Excerpts from Acts 17:1-9 (ESV)…they came to Thessalonica, where there was a s…

Excerpts from Acts 17:1-9 (ESV)…they came to Thessalonica, where there was a synagogue of the Jews. And Paul went in, as was his custom, and on three Sabbath days he reasoned with them from the Scriptures…some of them were persuaded and joined Paul…But the Jews were jealous, and taking some wicked men of the rabble, they formed a mob… when they could not find them, they dragged Jason and some of the brothers before the city authorities…

By Pastor Chris

Paul had a deep dedication and love for the Jewish communities he had grown up in. At this point he already had much more success and had more in common with the gentile believers, but he was consistent about going to the Jews first, and he only stopped trying to convert them after being forced to by law, or physical force. In a time when it is a cultural norm to hop from church to church over minor theological differences, musical tastes, or social circles, this is a message we desperately need.

Paul did not give up on his faith community, he worked to be the change he wanted to see. He was criticized and abused for it, but the church as a whole is better today because of his efforts. He made logical arguments, and he used his own experience to share anecdotal evidence. The Jewish leaders refused to listen, and we should learn from their mistake.

Since many of us choose a church that fits our beliefs and tastes best, we are surrounded by people who think and believe like us. When a new idea is presented with logic, we argue "God's ways are not like our ways", or "Man's wisdom is foolishness to God". When confronted with examples of personal experiences that question our traditions or deeply held beliefs, we ignore them as the "logical fallacy of anecdotal evidence". We note that it is our responsibility to protect the flock from false teachers and wolves in sheep's clothing. I imagine the Jews from Thessalonica thought they were offering a similar service to their community.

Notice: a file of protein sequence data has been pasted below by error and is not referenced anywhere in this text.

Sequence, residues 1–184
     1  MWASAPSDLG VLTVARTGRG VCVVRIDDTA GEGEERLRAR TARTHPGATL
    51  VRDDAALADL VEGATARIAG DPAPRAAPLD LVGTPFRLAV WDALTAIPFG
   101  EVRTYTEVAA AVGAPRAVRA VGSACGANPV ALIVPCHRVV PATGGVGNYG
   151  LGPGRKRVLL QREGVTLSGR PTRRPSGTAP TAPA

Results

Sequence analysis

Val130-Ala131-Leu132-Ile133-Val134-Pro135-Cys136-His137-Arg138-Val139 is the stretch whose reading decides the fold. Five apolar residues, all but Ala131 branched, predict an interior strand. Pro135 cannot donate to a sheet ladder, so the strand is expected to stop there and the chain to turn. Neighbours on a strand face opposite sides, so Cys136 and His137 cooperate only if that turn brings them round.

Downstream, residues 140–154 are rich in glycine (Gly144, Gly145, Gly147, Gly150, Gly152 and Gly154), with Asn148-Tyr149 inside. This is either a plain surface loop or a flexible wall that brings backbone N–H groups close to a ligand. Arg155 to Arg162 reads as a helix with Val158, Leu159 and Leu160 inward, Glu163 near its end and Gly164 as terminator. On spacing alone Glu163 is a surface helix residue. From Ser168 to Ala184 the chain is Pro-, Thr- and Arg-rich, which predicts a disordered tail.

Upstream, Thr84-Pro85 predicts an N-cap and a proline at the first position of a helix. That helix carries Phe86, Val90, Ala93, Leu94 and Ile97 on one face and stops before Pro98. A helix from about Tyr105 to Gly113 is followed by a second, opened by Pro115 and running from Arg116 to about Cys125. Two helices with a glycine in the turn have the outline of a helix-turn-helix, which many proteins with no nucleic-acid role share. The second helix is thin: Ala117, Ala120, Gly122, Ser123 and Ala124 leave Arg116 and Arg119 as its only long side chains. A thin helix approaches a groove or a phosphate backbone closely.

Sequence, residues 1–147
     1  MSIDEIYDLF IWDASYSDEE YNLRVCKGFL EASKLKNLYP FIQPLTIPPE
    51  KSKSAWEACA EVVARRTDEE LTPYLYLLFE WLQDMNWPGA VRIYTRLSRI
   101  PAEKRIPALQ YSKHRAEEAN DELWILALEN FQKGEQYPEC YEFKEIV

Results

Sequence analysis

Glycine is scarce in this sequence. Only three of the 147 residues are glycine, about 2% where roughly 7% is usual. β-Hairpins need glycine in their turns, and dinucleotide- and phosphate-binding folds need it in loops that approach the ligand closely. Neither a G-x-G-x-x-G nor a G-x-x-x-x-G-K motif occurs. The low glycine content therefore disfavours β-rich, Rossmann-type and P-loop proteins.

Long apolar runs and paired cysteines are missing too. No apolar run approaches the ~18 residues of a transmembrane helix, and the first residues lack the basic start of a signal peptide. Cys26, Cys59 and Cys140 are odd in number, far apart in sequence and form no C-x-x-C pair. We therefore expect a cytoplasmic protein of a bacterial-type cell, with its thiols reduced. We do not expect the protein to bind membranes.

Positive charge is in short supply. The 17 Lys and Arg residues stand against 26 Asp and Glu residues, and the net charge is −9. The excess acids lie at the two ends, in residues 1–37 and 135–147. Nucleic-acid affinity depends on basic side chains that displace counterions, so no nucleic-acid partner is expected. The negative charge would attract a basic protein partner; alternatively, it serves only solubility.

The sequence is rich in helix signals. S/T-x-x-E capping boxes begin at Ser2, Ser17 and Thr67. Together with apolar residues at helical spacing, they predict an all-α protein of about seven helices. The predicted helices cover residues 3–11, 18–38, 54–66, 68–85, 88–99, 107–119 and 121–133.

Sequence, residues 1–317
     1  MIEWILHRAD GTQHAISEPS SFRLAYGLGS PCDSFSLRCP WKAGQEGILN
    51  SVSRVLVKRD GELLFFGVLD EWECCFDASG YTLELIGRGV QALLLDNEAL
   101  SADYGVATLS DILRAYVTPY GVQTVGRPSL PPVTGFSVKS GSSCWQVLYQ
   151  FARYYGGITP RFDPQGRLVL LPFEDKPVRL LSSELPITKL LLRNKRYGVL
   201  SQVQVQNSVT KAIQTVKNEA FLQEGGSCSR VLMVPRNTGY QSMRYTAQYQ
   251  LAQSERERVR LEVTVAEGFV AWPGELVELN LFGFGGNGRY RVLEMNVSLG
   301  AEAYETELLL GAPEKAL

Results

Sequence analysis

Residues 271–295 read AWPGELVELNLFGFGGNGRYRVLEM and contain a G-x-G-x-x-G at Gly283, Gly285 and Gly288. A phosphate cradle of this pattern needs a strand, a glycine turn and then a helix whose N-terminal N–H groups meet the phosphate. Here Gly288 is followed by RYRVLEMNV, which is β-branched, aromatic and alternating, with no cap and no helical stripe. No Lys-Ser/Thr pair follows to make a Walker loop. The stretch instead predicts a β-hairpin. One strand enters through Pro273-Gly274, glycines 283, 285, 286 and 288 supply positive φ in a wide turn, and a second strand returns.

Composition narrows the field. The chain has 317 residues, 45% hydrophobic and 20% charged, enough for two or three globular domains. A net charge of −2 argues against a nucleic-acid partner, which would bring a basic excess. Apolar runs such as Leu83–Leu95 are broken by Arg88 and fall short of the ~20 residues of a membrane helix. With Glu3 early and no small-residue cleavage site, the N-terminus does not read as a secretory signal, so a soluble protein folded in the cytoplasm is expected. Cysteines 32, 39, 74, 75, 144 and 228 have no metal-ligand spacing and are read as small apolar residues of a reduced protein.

It is this type of thinking that has kept churches progressing slowly on issues like women & LGBTQ leaders, as well as any form of modern scientific symbiosis. Hearts have been hardened and lines have been drawn in the sand. Churches have divided and created their own echo chambers on both ends of the arguments. We have lost the diversity within the individual bodies that once allowed us to sharpen one another.

β€œHe drew a circle that shut me out-
Heretic, rebel, a thing to flout.
But love and I had the wit to win:
We drew a circle and took him In!”
― Edwin Markham

Churches need larger circles, they need a generous orthodoxy. If you look to the roots of our faith tradition we have a long history of diverse theology. Many of the ancient church fathers would be called heretics and cast out of the church by today's standards. We don't need to agree to belong. Individuals on the fringes need to stay in place and help be the change they want to see instead of creating new echo chambers. Those in the accepted orthodoxy need to let their defenses down a little and listen to the stirring voices in their community. These voices are often the soft quiet voice of the spirit moving, or the rumbling roar of an incoming revival.

God, we thank you for the gift of LifeJourney Church, a church with a generous orthodoxy, may we continue to draw ever larger circles. May we be a light on a hill to the churches in our community for what the beauty of diversity can look like. May we be the salt that gives our world a little bit of flavor – Amen



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